The Kansas Legislature’s power imbalance stifles legitimate debate

February 6, 2021 3:26 am

Republican Diana Dierks, who represented Kansas House District 71 (including part of Salina) since 2013, was defeated in the August 2020 primary by Republican challenger Steven Howe. (David Norlin)

The Kansas Reflector welcomes opinion pieces from writers who share our goal of widening the conversation about how public policies affect the day-to-day lives of people throughout our state. David Norlin is a retired Cloud County Community College teacher, where he was department chairman of Communications/English, specializing in media. 

Our Legislature should be the ultimate debate stage. Responsible elected citizens examine an issue, write up bills, discuss them and vote the best into law. There are safeguards: 165 legislators (125 in the House, 40 in the Senate) must muster a majority. If they really mess up, the governor vetoes. If the governor messes up, the Legislature overrides.

What could go wrong? Actually, quite a lot.

In fact, majority rule means debating is abating.

A balance of power among participants should ensure a reasoned outcome. In its absence, however, mutual respect is possible, but less likely.

My nostalgia for an open debate community was revived this week by a former student’s heartwarming note. She recalled that I, and we, “walked into class each morning with a smile of anticipation for a good debate.” I didn’t hide my biases (because no one can), but I made clear that all ideas were welcome.

During those classes, another student cited Glenn Beck, but the resulting discussion about reliable sources (even more important today) enhanced a give-and-take where students shared — and tested — those ideas. Those open classrooms are among my most cherished memories. When I retired, that student presented me a celebratory Cuban cigar. I still think of him fondly.

No, we did not determine state law. But that classroom was lightyears ahead of the 2021 Legislature.

On Jan. 31, the Salina Journal editorial page had John Wilson, CEO of Kansas Action for Children, detecting a “troubling shift in tone” among Kansas lawmakers. He had heard words spoken with “condescension, dismissiveness, impatience, and contempt.” He pointed out that an unhealthy legislative process makes for unhealthy children and families.

On that same page, Sharon Iorio, Wichita State University Education Dean Emeritus, bemoaned public resistance to civics teaching in public schools. You know, those courses that teach fact-based knowledge, voicing opinions while respecting difference, and civic participation (voting, jury duty or peaceful demonstration).

Finally, the flagship editorial urged legislators to not simply blame Gov. Laura Kelly and staff for Kansas Department of Labor failures. Failures such as a 40-year-old computer system that has never been updated, thanks to former Gov. Sam Brownback-era tax cuts that undercut state services.

Undeterred by informed opinion, however, the Legislature is moving for more cuts. And once again, against the Medicaid expansion 38 other states have adopted and more than 70% of Kansans want. And to make discrimination against women’s reproductive health part of our Constitution.

It is not just the mind that is boggled. Our whole human body, individual and collective, takes a hit. As my former student wrote, “I’m leaving the great state of Kansas in the VERY near future. It can’t be in my rearview fast enough.”

And what of those of us left behind? How to deal with a majority of bills from ALEC, Kansas anti-choice forces and the business community that gets more than 80% of the tax cuts proposed?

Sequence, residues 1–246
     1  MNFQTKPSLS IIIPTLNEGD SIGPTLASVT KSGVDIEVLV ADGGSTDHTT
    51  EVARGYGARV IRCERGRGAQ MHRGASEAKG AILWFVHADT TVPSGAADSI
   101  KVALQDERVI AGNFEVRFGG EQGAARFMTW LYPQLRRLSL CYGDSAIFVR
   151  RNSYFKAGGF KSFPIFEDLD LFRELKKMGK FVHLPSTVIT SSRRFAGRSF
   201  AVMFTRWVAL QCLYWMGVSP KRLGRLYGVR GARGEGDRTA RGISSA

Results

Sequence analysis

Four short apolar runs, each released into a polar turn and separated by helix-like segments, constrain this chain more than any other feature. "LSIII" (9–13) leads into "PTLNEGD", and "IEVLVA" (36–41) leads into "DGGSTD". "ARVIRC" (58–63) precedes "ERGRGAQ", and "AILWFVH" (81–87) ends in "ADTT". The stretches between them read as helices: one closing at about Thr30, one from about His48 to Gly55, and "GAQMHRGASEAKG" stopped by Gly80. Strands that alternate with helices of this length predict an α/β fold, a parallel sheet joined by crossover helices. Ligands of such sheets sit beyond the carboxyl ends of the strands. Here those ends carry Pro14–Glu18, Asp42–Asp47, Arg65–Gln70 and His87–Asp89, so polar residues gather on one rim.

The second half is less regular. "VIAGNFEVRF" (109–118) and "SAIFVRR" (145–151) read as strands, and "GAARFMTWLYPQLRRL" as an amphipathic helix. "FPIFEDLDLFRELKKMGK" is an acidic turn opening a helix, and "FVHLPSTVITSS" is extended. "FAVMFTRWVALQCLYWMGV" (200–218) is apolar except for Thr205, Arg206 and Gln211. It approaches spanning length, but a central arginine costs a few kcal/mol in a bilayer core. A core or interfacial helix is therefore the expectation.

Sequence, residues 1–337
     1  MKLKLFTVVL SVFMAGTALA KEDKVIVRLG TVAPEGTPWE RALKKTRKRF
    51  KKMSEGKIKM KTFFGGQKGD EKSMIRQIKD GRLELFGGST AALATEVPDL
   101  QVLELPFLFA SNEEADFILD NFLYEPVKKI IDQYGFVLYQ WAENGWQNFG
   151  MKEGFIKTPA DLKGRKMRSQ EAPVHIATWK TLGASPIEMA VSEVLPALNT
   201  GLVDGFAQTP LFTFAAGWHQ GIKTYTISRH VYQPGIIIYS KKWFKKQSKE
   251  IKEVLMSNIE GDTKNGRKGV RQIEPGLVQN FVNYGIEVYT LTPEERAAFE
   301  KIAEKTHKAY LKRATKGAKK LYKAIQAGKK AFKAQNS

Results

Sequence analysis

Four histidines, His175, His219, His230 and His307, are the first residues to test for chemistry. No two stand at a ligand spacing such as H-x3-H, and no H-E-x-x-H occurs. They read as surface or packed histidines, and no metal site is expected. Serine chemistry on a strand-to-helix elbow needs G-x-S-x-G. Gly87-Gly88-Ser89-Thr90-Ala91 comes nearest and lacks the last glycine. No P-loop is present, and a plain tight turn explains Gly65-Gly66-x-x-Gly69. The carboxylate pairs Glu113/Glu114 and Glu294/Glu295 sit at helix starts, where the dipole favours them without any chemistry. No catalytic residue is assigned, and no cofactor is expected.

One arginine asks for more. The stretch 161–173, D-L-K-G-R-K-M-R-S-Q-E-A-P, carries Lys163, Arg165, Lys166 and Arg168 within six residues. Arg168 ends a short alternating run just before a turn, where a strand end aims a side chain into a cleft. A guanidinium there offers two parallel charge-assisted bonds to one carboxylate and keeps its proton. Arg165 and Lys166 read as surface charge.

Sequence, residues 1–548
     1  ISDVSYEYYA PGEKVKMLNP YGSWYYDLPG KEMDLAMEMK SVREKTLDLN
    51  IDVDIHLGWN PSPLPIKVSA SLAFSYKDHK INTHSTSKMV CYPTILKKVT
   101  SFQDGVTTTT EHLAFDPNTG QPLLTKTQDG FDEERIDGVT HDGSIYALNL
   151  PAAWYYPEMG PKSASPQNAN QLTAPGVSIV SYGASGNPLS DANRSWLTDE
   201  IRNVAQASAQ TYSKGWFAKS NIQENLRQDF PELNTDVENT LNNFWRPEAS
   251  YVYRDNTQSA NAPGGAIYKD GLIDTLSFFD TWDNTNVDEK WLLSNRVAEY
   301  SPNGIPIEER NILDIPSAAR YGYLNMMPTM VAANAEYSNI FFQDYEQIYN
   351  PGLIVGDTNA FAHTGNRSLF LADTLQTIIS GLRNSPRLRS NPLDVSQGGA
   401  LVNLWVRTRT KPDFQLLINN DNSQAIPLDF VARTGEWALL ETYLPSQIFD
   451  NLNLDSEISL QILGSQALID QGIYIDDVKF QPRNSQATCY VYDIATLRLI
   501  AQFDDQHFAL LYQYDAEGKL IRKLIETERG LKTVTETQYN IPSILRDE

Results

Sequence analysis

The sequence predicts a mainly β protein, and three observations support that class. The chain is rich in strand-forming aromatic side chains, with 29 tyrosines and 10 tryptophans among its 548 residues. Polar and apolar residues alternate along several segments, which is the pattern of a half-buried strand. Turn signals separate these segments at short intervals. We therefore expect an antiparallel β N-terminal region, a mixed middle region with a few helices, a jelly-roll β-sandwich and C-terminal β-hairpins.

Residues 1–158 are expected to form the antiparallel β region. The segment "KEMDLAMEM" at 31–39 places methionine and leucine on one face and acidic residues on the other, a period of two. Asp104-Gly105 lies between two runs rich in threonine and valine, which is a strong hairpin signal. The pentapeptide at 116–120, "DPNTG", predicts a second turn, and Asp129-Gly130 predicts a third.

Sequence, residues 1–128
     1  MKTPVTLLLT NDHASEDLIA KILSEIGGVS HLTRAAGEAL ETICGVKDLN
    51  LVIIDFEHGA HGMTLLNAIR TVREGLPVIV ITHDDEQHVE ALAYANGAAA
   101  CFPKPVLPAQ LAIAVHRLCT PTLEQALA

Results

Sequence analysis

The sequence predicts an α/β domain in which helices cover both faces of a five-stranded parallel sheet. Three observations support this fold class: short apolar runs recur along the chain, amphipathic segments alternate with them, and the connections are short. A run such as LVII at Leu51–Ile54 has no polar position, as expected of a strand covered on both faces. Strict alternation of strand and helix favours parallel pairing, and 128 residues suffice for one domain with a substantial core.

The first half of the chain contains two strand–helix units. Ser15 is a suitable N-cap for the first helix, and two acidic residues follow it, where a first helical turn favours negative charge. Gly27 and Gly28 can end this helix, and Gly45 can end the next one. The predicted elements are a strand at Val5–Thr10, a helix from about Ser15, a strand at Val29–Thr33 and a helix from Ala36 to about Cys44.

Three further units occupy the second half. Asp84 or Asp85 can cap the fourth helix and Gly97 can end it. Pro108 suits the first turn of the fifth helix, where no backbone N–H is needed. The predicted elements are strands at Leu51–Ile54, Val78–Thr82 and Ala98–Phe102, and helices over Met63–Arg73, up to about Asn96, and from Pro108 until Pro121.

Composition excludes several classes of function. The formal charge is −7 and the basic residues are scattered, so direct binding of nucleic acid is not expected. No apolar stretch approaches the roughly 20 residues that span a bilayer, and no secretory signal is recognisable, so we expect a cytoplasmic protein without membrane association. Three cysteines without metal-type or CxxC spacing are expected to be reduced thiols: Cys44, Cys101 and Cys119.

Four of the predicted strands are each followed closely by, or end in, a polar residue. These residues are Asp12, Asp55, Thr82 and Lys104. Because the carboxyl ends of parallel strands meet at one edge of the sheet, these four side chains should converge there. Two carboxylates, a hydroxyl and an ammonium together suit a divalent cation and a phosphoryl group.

Some defensively say, “But it was a free and fair election; it’s the will of the people.” Fair enough. But not fair enough.

In our local primary races in Saline County and statewide, moderate Republicans were defeated by tar-and-feathering. They were “RINOs” who “voted with Democrats 80-90% of the time,” a bald-faced lie barely clothed with tattered truth, since many inconsequential, uncontroversial bills pass almost unanimously (i.e, both Democrat and Republican) roughly 80-90% of the time.

Add to that those blurry, horror-film pictures of Pelosi and Schumer and the inevitable words “radical left” or “too extreme for Kansas values” (whatever that is and those are). These lies, carried on a flood of mailers and media ads, paid primarily by Americans for Prosperity, the Kansas Chamber of Commerce, and their henchmen, washed away truth. And fairness.

Kansas elections were stolen, all right. Not at the ballot box. At the mailbox.

Want real election-stealing? All but two Kansas Congress-sheeple voted for just that, attempting to invalidate U.S. citizens’ choice for president. We can blame our Trojan horses, but remember we are not the big-buck-boys who hold the reins. AT&T, Goldman Sachs, Charles Schwab and Citigroup, among others, have a firm grip.

If you don’t own the chess board, no matter your moves, the odds are against you.

Ezra Klein says we must “stop reducing politics to a narrative about individuals.”

The American master story, he says, is “certain identities becoming more firmly entrenched, locking people … into … political place.” We should hold politicians accountable, but this alone will not suffice.

When the curtain falls away, revealing the Wizard of Oz, then honest, open debate — and respect — can follow.

It’s time.

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David Norlin
David Norlin

David Norlin of Salina is a retired teacher at Cloud County Community College, where he was department chair of Communications/English, specializing in media. He has twice run for the Kansas Legislature and has served on and chaired Salina’s Human Relations Commission, Planning Commission, and Access TV. He is an occasional columnist for the Salina Journal.